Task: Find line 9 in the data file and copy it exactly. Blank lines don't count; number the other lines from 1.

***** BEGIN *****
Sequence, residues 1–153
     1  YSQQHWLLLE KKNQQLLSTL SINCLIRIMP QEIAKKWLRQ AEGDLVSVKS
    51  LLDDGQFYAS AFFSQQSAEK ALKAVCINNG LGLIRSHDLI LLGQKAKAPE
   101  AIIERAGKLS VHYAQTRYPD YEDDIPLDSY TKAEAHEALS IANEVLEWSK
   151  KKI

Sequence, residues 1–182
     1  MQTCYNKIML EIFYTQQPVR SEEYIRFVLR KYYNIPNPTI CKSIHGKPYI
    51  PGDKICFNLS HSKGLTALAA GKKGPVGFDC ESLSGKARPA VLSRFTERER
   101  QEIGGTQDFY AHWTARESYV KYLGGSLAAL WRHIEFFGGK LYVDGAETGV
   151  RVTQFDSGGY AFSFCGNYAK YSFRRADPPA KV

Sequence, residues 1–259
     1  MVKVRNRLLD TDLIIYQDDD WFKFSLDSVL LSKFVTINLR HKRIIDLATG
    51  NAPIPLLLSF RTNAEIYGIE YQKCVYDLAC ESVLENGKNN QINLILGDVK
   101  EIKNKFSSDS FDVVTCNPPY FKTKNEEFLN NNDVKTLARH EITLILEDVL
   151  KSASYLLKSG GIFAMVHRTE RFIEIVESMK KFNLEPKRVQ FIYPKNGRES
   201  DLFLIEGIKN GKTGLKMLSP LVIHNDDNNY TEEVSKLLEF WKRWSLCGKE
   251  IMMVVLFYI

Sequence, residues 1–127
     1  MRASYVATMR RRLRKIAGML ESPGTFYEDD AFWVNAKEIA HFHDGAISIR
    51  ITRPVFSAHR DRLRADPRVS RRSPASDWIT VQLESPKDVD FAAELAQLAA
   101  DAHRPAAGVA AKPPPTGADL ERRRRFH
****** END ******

   101  QEIGGTQDFY AHWTARESYV KYLGGSLAAL WRHIEFFGGK LYVDGAETGV